||This article's factual accuracy is disputed. (December 2010)
Dacia Ripensis (Greek: Δακία Παραποτάμια, English translation: "Dacia from the banks of the Danube") was the name of a Roman province (part of Dacia Aureliana) first established by Aurelian circa AD 283, south of the Danube, after he withdrew from Dacia Traiana.
It is unclear whether Aurelian or the Emperor Diocletian replaced Dacia Aureliana with two provinces, but by 285, there were two – Dacia Mediterranea with its capital at Serdica and Dacia Ripensis, with its capital at Ratiaria. Later, these two "Dacias" along with Dardania, Lower Moesia, and Prevalitana constituted the Diocese of Dacia.
Ratiaria was established as the capital of Dacia Ripensis (it was previously a colony founded by Trajan located within Moesia Superior) and served both as the seat of the military governor (or dux) and as the military base for the Roman legion XIII Gemina.
According to Priscus, Dacia Ripensis was a flourishing province during the 4th and 5th centuries AD. During the early 440s, however, the Huns captured the province (prior to this, there were conflicts between the Romans and the Huns whereby the latter group captured Castra Martis through treacherous means). Even though the province recovered briefly from Hunnic rule, it was eventually decimated by the Avars in 586. On a more specific note, Aurelian developed Dacia Ripensis on a stretch of the Danube specifically between Moesia Superior and Moesia Inferior.
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- ^ Hierocles, Synecdemus, 655.1. However Procopius in De Aedificiis, 4.5.11 calls it Ῥιπησία.
- ^ Loring 1890, p. 330.
- ^ a b Bury 1923, p. 135: "The date must be A.D. 283, and it is obvious that Aurelian set up the boundary stones, one of which Gaianus restored. There were, then, two Dacias when Diocletian came to the throne and, therefore, Mr. Fillow has inferred that we should read in our List: Dacia <Dacia>, that is presumably Dacia Ripensis and Dacia Mediterranea. Aurelian's Dacia mediterranea might have included Dardania, and Dardania, Mr. Fillow thinks, was split off as a distinct province by Diocletian."
- ^ a b Jones 1988, p. 231: "When founded as a colony by Trajan, Ratiaria was within Moesia Superior: when Aurelian withdrew from the old Dacia north of the Danube and established a new province of the same name on the south (Dacia Ripensis), Ratiaria became the capital. As such it was the seat of the military governor (dux), and the base of the legion XIII Gemina. It flourished in the fourth and fifth centuries, and according to the historian Priscus was μεγίστη καί πολυάνθρωπος ("very great and with numerous inhabitants") when it was captured by the Huns in the early 440s. It appears to have recovered from this sack, but was finally destroyed by the Avars in 586, though the name survives in the modern Arcar."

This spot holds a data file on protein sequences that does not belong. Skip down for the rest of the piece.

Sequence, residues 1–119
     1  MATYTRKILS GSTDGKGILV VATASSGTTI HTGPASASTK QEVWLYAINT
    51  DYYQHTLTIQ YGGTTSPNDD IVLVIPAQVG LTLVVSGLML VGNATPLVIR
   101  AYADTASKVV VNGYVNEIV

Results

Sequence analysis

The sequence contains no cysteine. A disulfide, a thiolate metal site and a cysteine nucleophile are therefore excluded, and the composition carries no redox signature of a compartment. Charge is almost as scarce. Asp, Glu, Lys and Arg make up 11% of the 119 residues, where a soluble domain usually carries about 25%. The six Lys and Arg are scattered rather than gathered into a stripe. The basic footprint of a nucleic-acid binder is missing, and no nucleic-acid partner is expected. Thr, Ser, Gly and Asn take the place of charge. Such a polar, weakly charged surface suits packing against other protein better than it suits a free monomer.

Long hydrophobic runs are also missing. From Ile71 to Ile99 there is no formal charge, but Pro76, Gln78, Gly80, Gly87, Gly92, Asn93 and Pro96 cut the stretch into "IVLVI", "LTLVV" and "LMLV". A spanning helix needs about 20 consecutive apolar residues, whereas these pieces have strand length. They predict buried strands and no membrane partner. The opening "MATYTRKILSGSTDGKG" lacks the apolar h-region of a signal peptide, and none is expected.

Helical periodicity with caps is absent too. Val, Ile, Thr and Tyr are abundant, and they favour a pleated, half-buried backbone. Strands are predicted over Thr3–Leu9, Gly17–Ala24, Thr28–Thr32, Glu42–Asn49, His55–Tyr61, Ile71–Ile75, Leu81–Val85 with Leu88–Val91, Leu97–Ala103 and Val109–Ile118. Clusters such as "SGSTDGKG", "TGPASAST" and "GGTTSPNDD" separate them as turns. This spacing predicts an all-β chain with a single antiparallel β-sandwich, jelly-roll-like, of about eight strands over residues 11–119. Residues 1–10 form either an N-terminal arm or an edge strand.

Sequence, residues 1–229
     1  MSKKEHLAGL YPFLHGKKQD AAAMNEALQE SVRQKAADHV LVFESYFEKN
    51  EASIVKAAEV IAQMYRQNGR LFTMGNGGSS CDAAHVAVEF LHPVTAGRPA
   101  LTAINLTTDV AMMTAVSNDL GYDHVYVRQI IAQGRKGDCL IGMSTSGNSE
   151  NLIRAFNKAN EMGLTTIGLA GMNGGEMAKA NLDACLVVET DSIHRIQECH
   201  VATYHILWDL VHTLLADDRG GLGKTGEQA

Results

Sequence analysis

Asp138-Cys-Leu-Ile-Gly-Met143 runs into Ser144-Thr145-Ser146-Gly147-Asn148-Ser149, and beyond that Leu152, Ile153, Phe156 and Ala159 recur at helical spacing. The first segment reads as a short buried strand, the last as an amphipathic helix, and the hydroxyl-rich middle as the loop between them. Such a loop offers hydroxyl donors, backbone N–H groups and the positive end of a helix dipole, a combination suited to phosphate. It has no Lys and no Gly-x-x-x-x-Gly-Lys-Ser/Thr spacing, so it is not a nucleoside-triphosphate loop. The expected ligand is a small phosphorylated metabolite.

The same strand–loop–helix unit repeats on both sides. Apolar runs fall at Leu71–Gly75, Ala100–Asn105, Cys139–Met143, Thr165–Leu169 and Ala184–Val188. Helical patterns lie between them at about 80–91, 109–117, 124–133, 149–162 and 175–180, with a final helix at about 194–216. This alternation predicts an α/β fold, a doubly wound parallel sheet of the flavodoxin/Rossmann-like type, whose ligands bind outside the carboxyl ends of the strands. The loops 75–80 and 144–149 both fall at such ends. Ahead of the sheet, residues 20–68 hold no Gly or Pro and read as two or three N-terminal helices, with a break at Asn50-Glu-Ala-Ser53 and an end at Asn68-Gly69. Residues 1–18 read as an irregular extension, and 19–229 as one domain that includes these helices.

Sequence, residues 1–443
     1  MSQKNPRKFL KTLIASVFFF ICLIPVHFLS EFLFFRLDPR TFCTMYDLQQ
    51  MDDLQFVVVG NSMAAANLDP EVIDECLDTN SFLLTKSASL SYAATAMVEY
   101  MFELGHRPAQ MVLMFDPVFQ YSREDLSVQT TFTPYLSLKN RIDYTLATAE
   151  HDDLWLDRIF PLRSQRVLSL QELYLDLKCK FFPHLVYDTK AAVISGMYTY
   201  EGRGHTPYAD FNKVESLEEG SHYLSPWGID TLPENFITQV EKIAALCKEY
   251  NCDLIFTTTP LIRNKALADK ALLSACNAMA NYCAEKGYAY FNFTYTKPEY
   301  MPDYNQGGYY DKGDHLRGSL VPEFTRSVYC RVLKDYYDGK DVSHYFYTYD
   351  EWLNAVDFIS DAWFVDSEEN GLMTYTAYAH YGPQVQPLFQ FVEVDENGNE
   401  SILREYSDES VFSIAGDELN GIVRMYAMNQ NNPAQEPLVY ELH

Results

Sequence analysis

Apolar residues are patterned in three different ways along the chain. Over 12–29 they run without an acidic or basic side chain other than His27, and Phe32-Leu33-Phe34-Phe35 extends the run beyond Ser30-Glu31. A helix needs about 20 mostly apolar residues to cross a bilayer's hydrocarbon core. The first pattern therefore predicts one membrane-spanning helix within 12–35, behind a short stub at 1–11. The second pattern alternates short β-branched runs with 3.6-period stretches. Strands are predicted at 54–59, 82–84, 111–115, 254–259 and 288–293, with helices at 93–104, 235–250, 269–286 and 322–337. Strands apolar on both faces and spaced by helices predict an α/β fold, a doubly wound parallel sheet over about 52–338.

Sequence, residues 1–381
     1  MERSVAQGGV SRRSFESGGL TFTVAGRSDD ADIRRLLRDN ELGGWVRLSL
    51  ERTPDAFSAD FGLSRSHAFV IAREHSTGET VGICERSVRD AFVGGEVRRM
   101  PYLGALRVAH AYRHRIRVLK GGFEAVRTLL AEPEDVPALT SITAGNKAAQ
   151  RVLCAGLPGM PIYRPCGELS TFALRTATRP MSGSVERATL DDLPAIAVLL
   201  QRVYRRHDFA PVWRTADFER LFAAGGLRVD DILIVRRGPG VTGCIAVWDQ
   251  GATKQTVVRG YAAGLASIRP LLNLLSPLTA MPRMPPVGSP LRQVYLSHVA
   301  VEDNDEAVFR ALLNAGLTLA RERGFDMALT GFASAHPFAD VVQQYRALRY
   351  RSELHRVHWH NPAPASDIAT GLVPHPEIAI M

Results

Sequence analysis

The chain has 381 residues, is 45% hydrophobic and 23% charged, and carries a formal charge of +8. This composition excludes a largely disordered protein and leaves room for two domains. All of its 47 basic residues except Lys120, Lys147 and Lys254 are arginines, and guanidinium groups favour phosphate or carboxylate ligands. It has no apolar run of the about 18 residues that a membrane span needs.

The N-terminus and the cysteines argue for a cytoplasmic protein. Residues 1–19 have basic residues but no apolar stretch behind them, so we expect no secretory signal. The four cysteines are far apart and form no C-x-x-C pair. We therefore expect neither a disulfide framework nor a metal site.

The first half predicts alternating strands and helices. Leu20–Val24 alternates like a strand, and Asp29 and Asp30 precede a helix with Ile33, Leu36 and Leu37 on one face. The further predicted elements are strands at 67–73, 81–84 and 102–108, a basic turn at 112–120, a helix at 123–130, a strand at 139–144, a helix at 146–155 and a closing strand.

- ^ Maenchen-Helfen 1955, p. 389: "What the Romans could not anticipate was that the Huns would take Castra Martis in Dacia Ripensis by treachery."
- ^ Hind 1984, p. 191: "The emperor Aurelian formed two provinces of Moesia Superior and Inferior. In fact, Dacia Ripensis was formed out of a stretch of the Danube between Moesia Superior and Inferior, while Dacia Mediterranea was the old inland Balkan region of Dardania."
- ^ Eutropius (9.13.1) states that Aurelianus was born in Dacia Ripensis; Historia Augusta (Aurelianus 3.1) supports the birth in Sirmium or Dacia Ripensis, but reports also origins of Moesia (Aurelianus 3.2); Aurelius Victor (Epitome de Caesaribus, 35.1) claims he was born between Dacia and Macedonia.
- ^ Mackay 1999, pp. 207–208: "Lactantius and the Epitome de Caesaribus state that the emperor Maximus was of peasant origin. His birthplace is unknown but his mother's brother, the emperor Galerius, was born in Dacia Ripensis, part of the former province of Moesia Superior (Epit. de Caes. 41.14)."
- Bury, J. B. (1923). "The Provincial List of Verona". The Journal of Roman Studies 13: 127–51.
- Hind, J. G. F. (1984). "Whatever Happened to the 'Agri Decumates'?". Britannia 15: 187–92.
- Jones, C. P. (1988). "An Epigram from Ratiaria". The American Journal of Philology (The Johns Hopkins University Press) 109 (2): 231–38.
- Loring, William (1890). "A New Portion of the Edict of Diocletian from Megalopolis". The Journal of Hellenic Studies 11: 299–342.
- Mackay, Christopher S. (1999). "Lactantius and the Succession to Diocletian". Classical Philology 94 (2): 198–209.
- Maenchen-Helfen, Otto J. (1955). "The Date of Ammianus Marcellinus' Last Books". The American Journal of Philology 76 (4): 384–99.